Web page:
A Long Week

Last week was a long week. As I’ve mentioned before, I’m completely deaf. I hear nothing. At all. What that means is that when I have a meeting at work, I tend to utilize sign language interpreters to be able to fully follow, as best I can, the meetings I’m attending. Last week, I was in all day meetings for three consecutive days. I found out that I’m not as young as I used to be, that’s for sure. At the end of those three days, I was completely exhausted, mentally, and my eyes were trying to see each other. Heck, they were trying to see if my brain was still in my skull behind them. OK, maybe not literally that bad, but still tiring enough that I didn’t want to touch the computer after work all week. That led to an end result of no writing last week, either on my WIP or blog.

This weekend just past, though, I managed to get some writing in and develop some initial notes for a musical composition I want to do. Not notes as in musical notes on a staff, but rather writing up what I want to put in this composition, where my theme is from, and how I want to go about it. There are times when I wonder what I must have done wrong in my previous life to be punished by being deaf and loving music as much as I do.

Over the last two days I’ve managed to tentatively complete the current Pa’adhe short story. Now I need to do my own re-read and editing after which I should be able to send it out to my Alpha readers. That’ll let me know if it’s actually finished and I am ready to start the heavy editing that always happens before I release to my blog. This will be the eighth posted story when it goes live.

Unfortunately, though, that musical composition I mentioned a couple paragraphs ago has been pulling at me to focus on it. I’m excited about the premise and want to get the program going. It’s a juggling act right now to balance my time between this new musical composition program, my writing, prepping for the photography class I start teaching next Wednesday, and finishing the Arduino projects that I have to deal with. Fortunately, the current Arduino projects are almost all done.

I managed to finalize my granddaughter’s Light Harp. A few tweaks with components and checking things on the o‘scope and I was able to adjust the schematic to allow the two photoresistors to properly adjust pitch and volume. I also got some ideas for improving it. Heh! Heh! Now to box it up and deliver her Arduino-based Theremin wannabe. Both she and my wife played with it while it was still in the protoboarding stage and had fun with it, so it clearly works. My daughter confirmed that it sounds a lot like bagpipes.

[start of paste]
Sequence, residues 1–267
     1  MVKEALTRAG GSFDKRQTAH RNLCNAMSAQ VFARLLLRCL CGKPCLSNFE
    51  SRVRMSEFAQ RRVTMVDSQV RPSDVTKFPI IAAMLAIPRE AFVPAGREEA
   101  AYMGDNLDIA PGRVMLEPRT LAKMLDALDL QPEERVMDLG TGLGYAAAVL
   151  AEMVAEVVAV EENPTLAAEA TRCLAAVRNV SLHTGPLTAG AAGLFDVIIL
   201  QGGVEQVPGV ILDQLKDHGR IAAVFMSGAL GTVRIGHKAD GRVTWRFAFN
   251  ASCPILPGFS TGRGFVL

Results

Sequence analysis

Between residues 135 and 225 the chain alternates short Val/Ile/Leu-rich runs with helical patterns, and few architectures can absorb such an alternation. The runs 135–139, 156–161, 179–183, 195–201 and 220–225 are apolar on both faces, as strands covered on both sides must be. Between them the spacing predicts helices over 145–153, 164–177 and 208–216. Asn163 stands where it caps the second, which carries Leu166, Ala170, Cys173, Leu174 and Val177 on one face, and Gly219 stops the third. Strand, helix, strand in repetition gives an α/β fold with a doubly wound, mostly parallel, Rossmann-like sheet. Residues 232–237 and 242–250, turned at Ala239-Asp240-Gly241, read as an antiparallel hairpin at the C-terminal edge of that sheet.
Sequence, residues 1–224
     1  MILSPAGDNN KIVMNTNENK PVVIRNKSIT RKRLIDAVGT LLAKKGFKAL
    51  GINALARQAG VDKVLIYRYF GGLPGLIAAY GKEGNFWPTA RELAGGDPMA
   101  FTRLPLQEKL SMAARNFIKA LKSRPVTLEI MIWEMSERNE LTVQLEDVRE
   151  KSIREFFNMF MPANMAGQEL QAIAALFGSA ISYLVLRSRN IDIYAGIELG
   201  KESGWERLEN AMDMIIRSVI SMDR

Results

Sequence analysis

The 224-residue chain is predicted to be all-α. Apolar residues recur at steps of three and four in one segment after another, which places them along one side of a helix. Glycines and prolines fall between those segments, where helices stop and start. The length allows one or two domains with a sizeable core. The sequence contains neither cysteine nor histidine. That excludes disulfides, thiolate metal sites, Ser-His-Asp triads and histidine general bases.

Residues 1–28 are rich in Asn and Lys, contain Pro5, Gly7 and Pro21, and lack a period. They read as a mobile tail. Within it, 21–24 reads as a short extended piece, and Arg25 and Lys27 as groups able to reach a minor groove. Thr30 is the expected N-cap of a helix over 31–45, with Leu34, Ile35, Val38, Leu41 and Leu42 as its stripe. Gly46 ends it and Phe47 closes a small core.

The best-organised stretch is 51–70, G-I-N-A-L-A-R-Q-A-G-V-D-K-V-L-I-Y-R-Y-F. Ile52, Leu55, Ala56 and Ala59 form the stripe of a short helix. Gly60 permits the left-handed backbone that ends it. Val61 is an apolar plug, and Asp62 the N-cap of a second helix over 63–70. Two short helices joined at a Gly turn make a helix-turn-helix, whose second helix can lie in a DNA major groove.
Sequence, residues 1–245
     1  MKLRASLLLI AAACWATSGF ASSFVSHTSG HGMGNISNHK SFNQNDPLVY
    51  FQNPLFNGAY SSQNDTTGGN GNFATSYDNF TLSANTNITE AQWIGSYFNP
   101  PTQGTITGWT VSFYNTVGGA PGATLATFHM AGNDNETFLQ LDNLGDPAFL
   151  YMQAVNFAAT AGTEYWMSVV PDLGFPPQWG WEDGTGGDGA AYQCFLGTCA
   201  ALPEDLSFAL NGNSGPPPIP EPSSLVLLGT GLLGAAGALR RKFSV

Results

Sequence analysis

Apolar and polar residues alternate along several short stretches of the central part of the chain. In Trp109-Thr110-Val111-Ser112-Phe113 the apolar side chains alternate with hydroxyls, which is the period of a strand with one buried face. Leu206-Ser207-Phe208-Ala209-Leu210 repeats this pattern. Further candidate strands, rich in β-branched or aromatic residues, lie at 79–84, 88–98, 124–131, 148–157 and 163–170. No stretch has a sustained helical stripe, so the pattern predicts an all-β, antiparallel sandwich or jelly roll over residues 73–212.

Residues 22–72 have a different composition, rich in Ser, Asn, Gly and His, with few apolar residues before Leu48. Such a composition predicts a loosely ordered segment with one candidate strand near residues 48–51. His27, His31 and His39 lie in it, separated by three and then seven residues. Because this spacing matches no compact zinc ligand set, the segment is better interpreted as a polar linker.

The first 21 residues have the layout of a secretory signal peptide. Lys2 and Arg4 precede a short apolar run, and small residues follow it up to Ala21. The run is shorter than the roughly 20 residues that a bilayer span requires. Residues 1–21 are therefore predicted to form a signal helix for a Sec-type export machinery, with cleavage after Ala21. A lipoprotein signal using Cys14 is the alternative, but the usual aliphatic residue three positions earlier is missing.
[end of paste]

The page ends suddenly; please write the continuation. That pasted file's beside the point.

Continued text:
I have all the necessary parts now, so as soon as I finish the patch cord, I’ll be completing my nephew’s Arduino based light show for his band. Pretty much all that remains is the sketch. That’s going to be fun as I’ll be able to play with it a little bit before handing it off to him. I’m looking forward to watching the audio drive the light string and tweaking the sketch to control the individual lights. I’m really curious about this, because as I’ve mentioned before I’m completely deaf, yet love music. I’m always seeking a way to see, visually, the music hearing people get to enjoy so it’ll be interesting to see just how this reacts to audio input. With RGB LED lights, the full range of colors is available to utilize. There are, of course, various limitations such as what colors I can actually discern a difference between, how it’s processed down the string of Christmas lights, which color is highest, which color is lowest, and so on. Personally, I see white as the highest possible musical note and black as the lowest.


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2 Responses to “A Long Week”

  1. Linda Says:

    I was struck that, like you, Laura ‘sees’ sound as a color or a taste – synesthesia. She wrote her college entrance essay on what it feels like and how she wanted to draw on it in her animation work. I wonder sometimes if synesthesia is actually a loosening of our expectations of agreement – that we agree that this light vibration represents the color red and this violet, etc. while some people don’t stop there, but let one sense flow into another. If we lose one sense we tend to compensate with another — so perhaps it’s an acute sensitivity? And I’m sorry your eyes got such a work out! Believe me, even hearing people can be over-meeting’ed! Finally, anyone with your curiosity will never get old, Bill.:-)

    Best always,


  2. Bill B. Says:

    My interpreters get to switch every 20 or so minutes, so they’re working 8 hours with a 20 minute break every 20 minutes. I, unfortunately, don’t get the break, that’s what makes it rough when it goes on several days: no real break from reading sign language and trying to read the presentations and all that visual input.

    That’s a good theory, a loosening of our expectations of agreement as to how we interpret light or audio vibrations. I can see having a lot of fun testing that. I do tend to agree that loss of one sense results in heightening sensitivity in one or more of the other senses, but I don’t know if it’s as great as many people tend to think. Since I’m subject to it, I can’t say that it is a greater or lesser increase in sensitivity to compensate, nor which sense(s) are increased. To me, they’re all normal.

    Thanks for the compliment, Linda!



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